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developer experience rest discussion group symfony framework

Link: http://symfony.com/blog/improving-rest-in-symfony

Developer's Lane:
Top 20 CakePHP Interview Questions and Answers
July 04, 2014 @ 13:48:25

The Developer's Lane site has posted a top ten list of questions answered about the CakePHP framework. The idea is that they could be used as a part of an interview to see how well the candidate knows the framework.

Here there are many questions and answers about How CakePHP Framework works? and basic questions related to CakePHP framework functionality.

Questions include:

  • What are are drawbacks of Cakephp?
  • What is the name of Cakephp database configuration file name and its location?
  • What are commonly used components of Cakephp?
  • Why does Cakephp have two vendor folders?
  • Can you remember what is the directory structure when you download Cakephp?

The questions provide a good overview of the framework, but won't tell you if the developer is any good...you still need to figure out that one on your own.

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cakephp framework interview questions developer overview

Link: http://www.developerslane.com/top-20-cakephp-interview-questions-and-answers/

Leonid Mamchenkov:
CakePHP 3, here we go again.
July 02, 2014 @ 13:18:55

In this new post Leonid Mamchenkov looks at the latest version of a PHP framework that's been around since the PHP4 days, CakePHP, and some of the improvements that will come with version three.

Currently, I am at the start of a couple of projects, which require a bit of the future support. CakePHP 2.x can handle the job now, but I'm looking more into the next 3-5 years. And that's why I'm looking at CakePHP 3, which is still in the early development stage, with an alpha release coming not too long from now (have a look at the CakePHP 3 roadmap document). Let's have a look at the high level goals for CakePHP 3.

Among the items he mentions are things like:

  • The adoption of broader PHP community standards
  • An increase in modularity
  • Developing for PHP 5.4+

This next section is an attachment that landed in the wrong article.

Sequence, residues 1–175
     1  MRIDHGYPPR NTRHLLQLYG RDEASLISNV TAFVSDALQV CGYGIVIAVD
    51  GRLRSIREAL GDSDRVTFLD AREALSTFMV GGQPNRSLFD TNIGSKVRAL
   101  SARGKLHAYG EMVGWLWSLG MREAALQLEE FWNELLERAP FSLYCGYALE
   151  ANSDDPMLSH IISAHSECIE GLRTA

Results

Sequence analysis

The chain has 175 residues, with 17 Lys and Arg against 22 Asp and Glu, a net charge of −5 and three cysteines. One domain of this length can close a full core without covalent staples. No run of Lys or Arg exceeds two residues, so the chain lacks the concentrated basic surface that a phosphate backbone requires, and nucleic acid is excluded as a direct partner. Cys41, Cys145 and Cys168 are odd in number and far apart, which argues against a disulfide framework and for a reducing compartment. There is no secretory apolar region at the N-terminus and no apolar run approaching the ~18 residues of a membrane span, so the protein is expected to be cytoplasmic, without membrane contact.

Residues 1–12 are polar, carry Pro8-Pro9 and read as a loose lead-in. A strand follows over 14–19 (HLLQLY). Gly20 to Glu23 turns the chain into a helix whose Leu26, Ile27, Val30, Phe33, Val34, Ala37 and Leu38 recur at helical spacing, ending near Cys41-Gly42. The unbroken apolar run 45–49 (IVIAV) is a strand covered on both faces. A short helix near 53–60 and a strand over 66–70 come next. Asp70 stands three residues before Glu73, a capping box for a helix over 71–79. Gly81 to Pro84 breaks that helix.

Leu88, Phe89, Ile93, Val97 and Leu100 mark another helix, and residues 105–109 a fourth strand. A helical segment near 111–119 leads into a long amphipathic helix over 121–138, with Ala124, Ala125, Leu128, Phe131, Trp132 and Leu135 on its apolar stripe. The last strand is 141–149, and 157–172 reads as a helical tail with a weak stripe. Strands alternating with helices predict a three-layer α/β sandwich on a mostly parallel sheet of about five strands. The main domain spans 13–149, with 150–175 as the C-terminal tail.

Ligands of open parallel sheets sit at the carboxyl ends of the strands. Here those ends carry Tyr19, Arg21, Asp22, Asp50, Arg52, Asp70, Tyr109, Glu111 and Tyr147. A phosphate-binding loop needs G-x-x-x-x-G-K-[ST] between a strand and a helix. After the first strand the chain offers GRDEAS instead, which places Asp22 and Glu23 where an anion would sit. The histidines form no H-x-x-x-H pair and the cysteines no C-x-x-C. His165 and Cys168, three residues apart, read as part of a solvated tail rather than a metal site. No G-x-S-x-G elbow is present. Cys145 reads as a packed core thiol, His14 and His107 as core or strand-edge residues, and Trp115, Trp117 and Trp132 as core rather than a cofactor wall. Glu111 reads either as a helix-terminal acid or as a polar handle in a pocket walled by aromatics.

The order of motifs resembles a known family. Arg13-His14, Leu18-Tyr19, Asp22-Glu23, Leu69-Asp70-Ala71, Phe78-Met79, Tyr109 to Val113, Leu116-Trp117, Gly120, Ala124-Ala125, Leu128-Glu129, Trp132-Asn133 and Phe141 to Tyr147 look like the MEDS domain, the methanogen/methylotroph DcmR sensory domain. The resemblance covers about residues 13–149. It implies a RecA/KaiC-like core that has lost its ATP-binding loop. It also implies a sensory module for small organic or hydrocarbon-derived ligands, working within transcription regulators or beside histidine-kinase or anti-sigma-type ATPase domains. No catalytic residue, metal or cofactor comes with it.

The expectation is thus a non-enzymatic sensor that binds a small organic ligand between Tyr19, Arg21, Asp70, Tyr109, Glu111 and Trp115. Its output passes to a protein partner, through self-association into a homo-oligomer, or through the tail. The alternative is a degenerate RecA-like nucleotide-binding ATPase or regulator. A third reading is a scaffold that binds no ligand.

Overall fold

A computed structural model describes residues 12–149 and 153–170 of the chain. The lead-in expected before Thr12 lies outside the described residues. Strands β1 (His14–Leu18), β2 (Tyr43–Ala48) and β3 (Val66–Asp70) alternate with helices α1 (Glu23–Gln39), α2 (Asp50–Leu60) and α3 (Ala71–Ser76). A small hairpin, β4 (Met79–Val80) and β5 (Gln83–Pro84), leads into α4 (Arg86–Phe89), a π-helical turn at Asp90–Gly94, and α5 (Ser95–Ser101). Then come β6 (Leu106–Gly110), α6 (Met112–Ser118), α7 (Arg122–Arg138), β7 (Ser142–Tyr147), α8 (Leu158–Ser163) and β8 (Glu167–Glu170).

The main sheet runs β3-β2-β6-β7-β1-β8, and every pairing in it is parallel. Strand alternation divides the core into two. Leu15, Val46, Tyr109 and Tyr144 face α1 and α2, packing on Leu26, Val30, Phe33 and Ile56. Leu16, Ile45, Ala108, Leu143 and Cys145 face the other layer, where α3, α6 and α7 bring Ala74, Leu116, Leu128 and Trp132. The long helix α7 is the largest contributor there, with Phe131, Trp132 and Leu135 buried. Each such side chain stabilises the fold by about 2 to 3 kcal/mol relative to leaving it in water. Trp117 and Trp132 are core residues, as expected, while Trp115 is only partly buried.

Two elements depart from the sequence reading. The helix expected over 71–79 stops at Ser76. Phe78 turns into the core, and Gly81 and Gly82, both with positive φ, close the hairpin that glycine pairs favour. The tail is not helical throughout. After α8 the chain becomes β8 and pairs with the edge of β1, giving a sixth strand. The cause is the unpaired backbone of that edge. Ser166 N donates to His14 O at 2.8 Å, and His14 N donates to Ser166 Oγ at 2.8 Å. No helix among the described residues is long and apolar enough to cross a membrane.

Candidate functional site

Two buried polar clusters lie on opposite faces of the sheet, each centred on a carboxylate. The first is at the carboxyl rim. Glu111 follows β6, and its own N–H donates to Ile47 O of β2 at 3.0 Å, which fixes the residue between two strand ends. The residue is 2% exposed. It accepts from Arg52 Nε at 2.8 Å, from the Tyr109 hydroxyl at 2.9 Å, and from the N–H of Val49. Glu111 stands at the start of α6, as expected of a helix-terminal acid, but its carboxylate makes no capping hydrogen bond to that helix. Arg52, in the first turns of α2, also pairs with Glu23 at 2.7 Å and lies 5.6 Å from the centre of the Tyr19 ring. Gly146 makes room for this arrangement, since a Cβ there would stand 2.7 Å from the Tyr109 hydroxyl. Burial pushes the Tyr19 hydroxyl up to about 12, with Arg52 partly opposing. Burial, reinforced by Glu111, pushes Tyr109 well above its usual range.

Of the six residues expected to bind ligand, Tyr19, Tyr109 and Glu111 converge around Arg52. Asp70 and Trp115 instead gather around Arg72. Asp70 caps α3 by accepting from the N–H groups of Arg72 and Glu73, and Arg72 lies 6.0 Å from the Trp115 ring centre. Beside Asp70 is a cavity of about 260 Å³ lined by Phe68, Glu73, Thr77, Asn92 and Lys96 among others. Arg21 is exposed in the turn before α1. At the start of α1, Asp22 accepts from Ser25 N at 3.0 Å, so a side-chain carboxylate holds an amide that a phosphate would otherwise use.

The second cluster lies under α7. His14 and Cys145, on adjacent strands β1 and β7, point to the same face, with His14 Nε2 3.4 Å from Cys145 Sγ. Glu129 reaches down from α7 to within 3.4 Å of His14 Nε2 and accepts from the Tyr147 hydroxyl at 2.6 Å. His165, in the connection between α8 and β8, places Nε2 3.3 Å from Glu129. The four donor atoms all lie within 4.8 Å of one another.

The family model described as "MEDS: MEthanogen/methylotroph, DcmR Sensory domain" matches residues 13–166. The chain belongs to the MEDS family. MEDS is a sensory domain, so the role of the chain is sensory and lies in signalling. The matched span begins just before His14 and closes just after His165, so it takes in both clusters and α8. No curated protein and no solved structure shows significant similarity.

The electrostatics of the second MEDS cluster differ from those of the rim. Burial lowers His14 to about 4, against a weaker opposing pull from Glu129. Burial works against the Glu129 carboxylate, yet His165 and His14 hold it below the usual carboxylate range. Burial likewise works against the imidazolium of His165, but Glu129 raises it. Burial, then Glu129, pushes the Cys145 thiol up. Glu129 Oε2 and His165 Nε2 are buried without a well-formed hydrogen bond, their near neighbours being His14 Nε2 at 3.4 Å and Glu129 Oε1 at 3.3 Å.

• Composer support (and using PSR-4 autoloading)
  • The removal of some more complex, brittle code in favor of simpler, easier to extend options

Check out the roadmap and migration guides for full information.

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cakephp v3 framework refactor features roadmap goals

Link: http://mamchenkov.net/wordpress/2014/07/01/cakephp-3-here-we-go-again/

7PHP.com:
A Comprehensive Interview About Slim The Micro PHP Framework
June 24, 2014 @ 10:42:35

On the 7PHP.com site today Khayrattee Wassem has posted the latest in his PHP community interview series. This time it's with Josh Lockhart, creator of the Slim framework, talking about his experiences as a developer and in working on the open source project. This time the focus is more on the framework than Josh himself, though.

Last time, I've introduced the Captain America of The PHP Ecosystem to you, aka Josh Lockhart, via a 7PHP 'PHP Interview series to help drive thy PHP aspirations'. This time we go a little bit further with Josh to find out 'as much as we can' about his little masterpiece, I named Slim Framework - the PHP micro framework. Let's get started..

Josh answers questions about:

  • How the framework got started and what was the motivation behind it
  • What need the project tries to solve
  • Why someone might choose Slim over other frameworks
  • How many developers are involved in the project
  • What's coming in Slim v3

There's lots more too, so be sure to check out the full post for the answers to these and other interesting (and enlightening) questions.

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7php community interview joshlockhart slim framework

Link: http://7php.com/slim-php-framework-interview/

Symfony Blog:
Making the Symfony Experience *Exceptional*
June 18, 2014 @ 12:52:34

In this new post to the Symfony blog Ryan Weaver talks about some steps the project is making to help improve the "developer experience" (DX) around using the framework. There's four things listed that they're trying out to see if they can improve the framework even more.

When Symfony was released, we (the community) thought a lot about the Symfony experience: working on documentation, improving error messages and creating open source bundles. But since then, innovation has slowed down and the Symfony experience has stopped evolving. Today, the Symfony Framework is still the highest quality PHP Framework available. But the Symfony experience has stagnated. The good news is that improving the developer experience is easy, and it involves you!